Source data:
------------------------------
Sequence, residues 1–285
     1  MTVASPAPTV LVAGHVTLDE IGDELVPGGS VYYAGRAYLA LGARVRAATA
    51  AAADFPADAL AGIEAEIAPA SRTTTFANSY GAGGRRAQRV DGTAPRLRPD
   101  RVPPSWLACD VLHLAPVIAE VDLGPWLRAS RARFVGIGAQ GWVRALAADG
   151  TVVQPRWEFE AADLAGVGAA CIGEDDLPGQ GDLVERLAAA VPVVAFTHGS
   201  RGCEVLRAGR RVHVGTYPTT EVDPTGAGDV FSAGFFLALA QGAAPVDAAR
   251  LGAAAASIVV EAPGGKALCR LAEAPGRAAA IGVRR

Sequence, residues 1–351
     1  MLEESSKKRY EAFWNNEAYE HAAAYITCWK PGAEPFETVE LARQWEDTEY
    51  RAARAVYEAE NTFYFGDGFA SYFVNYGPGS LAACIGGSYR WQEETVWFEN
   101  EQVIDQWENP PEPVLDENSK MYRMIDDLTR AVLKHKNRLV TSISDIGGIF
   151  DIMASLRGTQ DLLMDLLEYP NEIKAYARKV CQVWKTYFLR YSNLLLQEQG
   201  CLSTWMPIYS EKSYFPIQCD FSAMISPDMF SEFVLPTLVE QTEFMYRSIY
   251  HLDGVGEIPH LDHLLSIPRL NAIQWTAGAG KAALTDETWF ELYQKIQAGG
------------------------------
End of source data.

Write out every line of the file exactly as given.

Sequence, residues 1–285
     1  MTVASPAPTV LVAGHVTLDE IGDELVPGGS VYYAGRAYLA LGARVRAATA
    51  AAADFPADAL AGIEAEIAPA SRTTTFANSY GAGGRRAQRV DGTAPRLRPD
   101  RVPPSWLACD VLHLAPVIAE VDLGPWLRAS RARFVGIGAQ GWVRALAADG
   151  TVVQPRWEFE AADLAGVGAA CIGEDDLPGQ GDLVERLAAA VPVVAFTHGS
   201  RGCEVLRAGR RVHVGTYPTT EVDPTGAGDV FSAGFFLALA QGAAPVDAAR
   251  LGAAAASIVV EAPGGKALCR LAEAPGRAAA IGVRR

Sequence, residues 1–351
     1  MLEESSKKRY EAFWNNEAYE HAAAYITCWK PGAEPFETVE LARQWEDTEY
    51  RAARAVYEAE NTFYFGDGFA SYFVNYGPGS LAACIGGSYR WQEETVWFEN
   101  EQVIDQWENP PEPVLDENSK MYRMIDDLTR AVLKHKNRLV TSISDIGGIF
   151  DIMASLRGTQ DLLMDLLEYP NEIKAYARKV CQVWKTYFLR YSNLLLQEQG
   201  CLSTWMPIYS EKSYFPIQCD FSAMISPDMF SEFVLPTLVE QTEFMYRSIY
   251  HLDGVGEIPH LDHLLSIPRL NAIQWTAGAG KAALTDETWF ELYQKIQAGG